Defining the magical practitioner in antiquity.
Jake Stratton-Kent on goetia.
If language is power, what’s in a name?
A compiled list of resources on pre-Hellenistic magick up until the late 1700s.
I was Wiccan for several years. It was my first exposure to Paganism, as it is for many people. I enjoyed feeling connected with nature, I was happy to find a faith that didn’t shame me for having a vagina, and of course, like most geeky 11-year-old girls would, I relished the feeling of empowerment that knowledge of magick brought.
It wasn’t long before something in me I couldn’t quite identify began to butt heads with what I was reading and practicing. There are many aspects of the Horned God I felt (and still feel) a connection to, such as his associations with wild nature, magick, and the death and rebirth cycle, but I felt discouraged from exploring these ideas because they were deemed “masculine.” Instead, I tried to explore the mysteries of the Goddess as I felt I was “supposed” to. Despite being young, I felt unable to relate to the Maiden, and I felt stifled by the seeming inevitability of becoming a Mother, then a Crone — neither of which particularly appealed to me. It was also around this time that I began to realize I was gay, which only served to intensify my feelings of alienation. How could a spiritually necessary “union of opposites” occur when I didn’t even find my so-called “opposite” attractive? Continue reading
The Wicca Deck, by Sally Morningstar, illustrated by Danuta Mayer
Connections Book Publishing, 978-1-85906-380-4, 42 cards plus instruction booklet, 2014
When The Wicca Deck came up for review I was excited to put in my bid for it. I’ve worked with tarot and oracle decks for about a decade, but never one based on my own spiritual path. The Wicca Deck is a 42-card oracle deck originally published by Godsfield Press in Great Britain in 2001 and republished this year by Connections, also from Great Britain. Some key elements account for its staying power.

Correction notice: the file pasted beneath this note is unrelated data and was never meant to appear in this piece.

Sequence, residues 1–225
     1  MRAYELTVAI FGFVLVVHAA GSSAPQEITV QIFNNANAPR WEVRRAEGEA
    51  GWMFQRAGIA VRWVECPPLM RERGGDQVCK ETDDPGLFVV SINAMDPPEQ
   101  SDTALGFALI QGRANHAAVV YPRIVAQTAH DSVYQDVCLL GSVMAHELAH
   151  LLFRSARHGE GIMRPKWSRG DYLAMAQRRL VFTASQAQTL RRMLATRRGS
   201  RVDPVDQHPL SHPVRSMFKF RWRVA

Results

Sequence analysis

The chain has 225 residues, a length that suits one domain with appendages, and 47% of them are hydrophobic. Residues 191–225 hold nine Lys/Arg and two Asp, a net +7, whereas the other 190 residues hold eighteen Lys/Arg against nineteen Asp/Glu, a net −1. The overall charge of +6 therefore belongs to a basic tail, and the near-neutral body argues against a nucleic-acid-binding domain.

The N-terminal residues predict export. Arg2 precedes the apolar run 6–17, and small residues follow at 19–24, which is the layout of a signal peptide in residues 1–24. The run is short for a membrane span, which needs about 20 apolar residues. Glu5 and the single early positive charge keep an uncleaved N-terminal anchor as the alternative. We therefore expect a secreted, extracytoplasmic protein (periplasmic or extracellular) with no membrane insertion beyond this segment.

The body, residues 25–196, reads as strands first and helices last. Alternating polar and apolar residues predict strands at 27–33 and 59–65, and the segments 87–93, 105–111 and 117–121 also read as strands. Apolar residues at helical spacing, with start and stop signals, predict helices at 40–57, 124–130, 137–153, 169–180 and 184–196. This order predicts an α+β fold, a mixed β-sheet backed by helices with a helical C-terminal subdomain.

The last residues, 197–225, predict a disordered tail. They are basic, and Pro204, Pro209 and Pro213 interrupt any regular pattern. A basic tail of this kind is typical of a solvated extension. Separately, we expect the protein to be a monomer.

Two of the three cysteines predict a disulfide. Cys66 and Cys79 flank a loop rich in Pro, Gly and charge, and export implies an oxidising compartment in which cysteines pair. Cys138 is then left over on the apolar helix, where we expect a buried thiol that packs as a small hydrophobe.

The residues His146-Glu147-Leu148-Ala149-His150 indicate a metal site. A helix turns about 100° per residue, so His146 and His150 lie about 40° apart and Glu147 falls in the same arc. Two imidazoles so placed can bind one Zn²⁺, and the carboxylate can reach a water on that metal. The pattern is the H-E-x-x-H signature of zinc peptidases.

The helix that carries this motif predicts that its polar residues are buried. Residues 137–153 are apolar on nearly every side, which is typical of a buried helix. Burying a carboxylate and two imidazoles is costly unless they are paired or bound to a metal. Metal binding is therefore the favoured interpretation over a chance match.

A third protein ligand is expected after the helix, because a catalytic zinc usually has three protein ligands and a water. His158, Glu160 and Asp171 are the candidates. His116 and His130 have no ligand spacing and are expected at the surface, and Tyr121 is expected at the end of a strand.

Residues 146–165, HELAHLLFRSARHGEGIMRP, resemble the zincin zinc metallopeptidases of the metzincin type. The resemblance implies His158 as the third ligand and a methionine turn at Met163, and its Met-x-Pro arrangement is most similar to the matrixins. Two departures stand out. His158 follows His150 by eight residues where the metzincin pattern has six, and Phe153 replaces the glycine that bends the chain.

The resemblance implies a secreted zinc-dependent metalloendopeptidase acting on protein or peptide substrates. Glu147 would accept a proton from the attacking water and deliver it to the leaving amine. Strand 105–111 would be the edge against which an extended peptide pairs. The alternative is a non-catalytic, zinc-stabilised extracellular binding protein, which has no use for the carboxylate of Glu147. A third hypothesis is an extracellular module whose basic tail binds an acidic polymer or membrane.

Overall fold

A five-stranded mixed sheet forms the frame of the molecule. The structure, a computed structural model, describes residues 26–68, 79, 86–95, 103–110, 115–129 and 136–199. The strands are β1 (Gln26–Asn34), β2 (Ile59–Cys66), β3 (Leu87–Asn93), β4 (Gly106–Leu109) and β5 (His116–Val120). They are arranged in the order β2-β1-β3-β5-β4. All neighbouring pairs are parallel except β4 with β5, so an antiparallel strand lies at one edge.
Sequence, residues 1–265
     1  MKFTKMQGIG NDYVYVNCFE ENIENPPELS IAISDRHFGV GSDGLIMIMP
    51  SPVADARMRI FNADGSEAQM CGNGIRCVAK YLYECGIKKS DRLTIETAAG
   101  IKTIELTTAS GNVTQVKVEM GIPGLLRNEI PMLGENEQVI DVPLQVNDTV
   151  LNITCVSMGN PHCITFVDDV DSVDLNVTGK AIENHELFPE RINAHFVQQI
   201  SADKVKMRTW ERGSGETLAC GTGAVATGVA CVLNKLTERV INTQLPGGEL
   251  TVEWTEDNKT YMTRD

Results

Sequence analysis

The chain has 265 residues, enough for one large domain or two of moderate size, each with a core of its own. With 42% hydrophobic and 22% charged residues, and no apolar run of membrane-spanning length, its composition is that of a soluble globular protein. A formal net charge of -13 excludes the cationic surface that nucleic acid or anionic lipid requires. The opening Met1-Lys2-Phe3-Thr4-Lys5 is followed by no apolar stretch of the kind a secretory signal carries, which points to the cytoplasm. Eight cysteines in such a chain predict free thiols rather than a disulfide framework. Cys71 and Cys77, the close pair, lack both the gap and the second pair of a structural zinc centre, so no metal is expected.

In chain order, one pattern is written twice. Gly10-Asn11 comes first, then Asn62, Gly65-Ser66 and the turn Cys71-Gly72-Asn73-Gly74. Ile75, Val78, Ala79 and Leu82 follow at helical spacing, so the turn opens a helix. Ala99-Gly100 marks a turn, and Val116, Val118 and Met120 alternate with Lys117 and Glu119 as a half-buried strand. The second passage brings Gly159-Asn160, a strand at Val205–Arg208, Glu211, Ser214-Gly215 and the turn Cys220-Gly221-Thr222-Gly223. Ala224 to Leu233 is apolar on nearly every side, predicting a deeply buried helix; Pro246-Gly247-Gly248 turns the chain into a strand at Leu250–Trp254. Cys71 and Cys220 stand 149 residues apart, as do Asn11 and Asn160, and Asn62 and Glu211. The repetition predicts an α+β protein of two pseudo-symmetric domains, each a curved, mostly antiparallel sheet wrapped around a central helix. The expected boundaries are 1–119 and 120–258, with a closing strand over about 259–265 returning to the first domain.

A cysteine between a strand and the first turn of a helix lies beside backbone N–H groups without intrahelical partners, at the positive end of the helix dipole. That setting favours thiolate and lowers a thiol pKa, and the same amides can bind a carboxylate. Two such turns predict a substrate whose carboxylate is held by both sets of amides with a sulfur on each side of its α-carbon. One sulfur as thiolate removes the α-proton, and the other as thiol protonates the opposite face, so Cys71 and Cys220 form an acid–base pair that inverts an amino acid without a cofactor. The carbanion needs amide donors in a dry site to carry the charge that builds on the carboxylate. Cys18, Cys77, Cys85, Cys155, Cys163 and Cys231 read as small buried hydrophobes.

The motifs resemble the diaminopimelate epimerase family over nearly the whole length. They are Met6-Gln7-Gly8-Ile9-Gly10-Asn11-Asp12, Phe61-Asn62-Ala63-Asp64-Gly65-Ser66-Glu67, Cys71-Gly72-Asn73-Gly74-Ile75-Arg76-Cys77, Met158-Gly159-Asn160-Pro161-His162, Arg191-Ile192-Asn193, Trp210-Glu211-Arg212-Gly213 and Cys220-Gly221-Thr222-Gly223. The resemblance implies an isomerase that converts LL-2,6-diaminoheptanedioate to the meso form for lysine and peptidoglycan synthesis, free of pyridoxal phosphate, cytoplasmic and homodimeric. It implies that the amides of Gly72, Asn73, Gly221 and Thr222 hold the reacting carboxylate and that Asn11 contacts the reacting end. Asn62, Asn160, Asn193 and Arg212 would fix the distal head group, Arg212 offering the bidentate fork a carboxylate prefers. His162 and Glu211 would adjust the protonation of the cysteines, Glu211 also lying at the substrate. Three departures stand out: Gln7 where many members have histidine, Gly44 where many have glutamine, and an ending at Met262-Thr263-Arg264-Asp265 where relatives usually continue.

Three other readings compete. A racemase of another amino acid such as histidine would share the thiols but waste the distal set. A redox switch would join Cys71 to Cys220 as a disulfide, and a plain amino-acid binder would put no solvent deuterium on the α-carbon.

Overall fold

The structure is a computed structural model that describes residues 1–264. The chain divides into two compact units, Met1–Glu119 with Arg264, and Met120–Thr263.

First, the illustrations are simple, cleanly drawn and easily relate to their titles and keywords, reminiscent of the Rider-Waite-Smith tarot. There is some abstract art in the cards, but card themes are always easy to detect; this is perhaps because the artist, Danuta Mayer, illustrates children’s books, which usually depict real, basic objects. The clarity works well in this deck. The nature of the Wiccan path is diverse; every practitioner has a slightly different vision, and by keeping visuals straightforward one is invited to see the cards in her own way.
As you’d expect, the artistic interpretations are clearly Wiccan: The Green Man is depicted as the classic face on a tree, Spiral is depicted as the spiral goddess, Black Cat (my favourite) depicts a cat in an Egyptian temple, taking her rightful place as the goddess Bast. Continue reading
Old World Witchcraft: Ancient Ways for Modern Days, by Raven Grimassi
Weiser Books, 9781578635054, 272 pp. 2011
Raven Grimassi is a name familiar to those of us who have been reading books on Wicca and witchcraft for a number of years as to date he has authored 14 of them. His background is varied and extensive, running the gamut from Rosicrucian studies and kabbalah and various forms of “traditional” witchcraft. This background allows him to approach the subject from a variety of perspectives.
In Old World Witchcraft Grimassi is presenting his take on the argument that witchcraft is a survival of an ancient pre-Christian religion. One thing I am sure of is that this book has the potential to polarize the community because of Grimassi’s emphasis on the Goddess as the primary deity of early witches, with the God perceived as an invisible presence. This is not the only sacred cow he goes after, although I must emphasize that this is not a malicious attack, but merely an attempt to show how the Christian concept of witches and witchcraft coloured the perceptions of everyone — including both medieval and modern-day witches. Continue reading